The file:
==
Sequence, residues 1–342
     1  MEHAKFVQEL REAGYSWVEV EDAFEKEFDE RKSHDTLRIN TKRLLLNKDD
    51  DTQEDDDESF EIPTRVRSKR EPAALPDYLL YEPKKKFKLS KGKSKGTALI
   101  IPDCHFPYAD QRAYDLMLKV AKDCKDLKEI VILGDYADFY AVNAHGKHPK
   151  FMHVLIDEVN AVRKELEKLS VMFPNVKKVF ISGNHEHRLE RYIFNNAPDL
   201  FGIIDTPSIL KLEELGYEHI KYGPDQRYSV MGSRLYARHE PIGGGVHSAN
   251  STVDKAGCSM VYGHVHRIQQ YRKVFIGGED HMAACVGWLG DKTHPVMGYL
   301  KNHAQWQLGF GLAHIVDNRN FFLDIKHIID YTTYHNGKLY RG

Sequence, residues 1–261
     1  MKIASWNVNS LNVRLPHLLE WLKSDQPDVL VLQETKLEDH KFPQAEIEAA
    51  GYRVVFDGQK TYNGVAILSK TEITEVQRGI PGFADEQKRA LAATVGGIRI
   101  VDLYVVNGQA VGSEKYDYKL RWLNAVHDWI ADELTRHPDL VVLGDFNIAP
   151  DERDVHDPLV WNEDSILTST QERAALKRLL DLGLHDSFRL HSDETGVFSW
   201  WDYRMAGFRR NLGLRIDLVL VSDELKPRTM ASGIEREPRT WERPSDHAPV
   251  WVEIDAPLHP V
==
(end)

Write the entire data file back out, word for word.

Sequence, residues 1–342
     1  MEHAKFVQEL REAGYSWVEV EDAFEKEFDE RKSHDTLRIN TKRLLLNKDD
    51  DTQEDDDESF EIPTRVRSKR EPAALPDYLL YEPKKKFKLS KGKSKGTALI
   101  IPDCHFPYAD QRAYDLMLKV AKDCKDLKEI VILGDYADFY AVNAHGKHPK
   151  FMHVLIDEVN AVRKELEKLS VMFPNVKKVF ISGNHEHRLE RYIFNNAPDL
   201  FGIIDTPSIL KLEELGYEHI KYGPDQRYSV MGSRLYARHE PIGGGVHSAN
   251  STVDKAGCSM VYGHVHRIQQ YRKVFIGGED HMAACVGWLG DKTHPVMGYL
   301  KNHAQWQLGF GLAHIVDNRN FFLDIKHIID YTTYHNGKLY RG

Sequence, residues 1–261
     1  MKIASWNVNS LNVRLPHLLE WLKSDQPDVL VLQETKLEDH KFPQAEIEAA
    51  GYRVVFDGQK TYNGVAILSK TEITEVQRGI PGFADEQKRA LAATVGGIRI
   101  VDLYVVNGQA VGSEKYDYKL RWLNAVHDWI ADELTRHPDL VVLGDFNIAP
   151  DERDVHDPLV WNEDSILTST QERAALKRLL DLGLHDSFRL HSDETGVFSW
   201  WDYRMAGFRR NLGLRIDLVL VSDELKPRTM ASGIEREPRT WERPSDHAPV
   251  WVEIDAPLHP V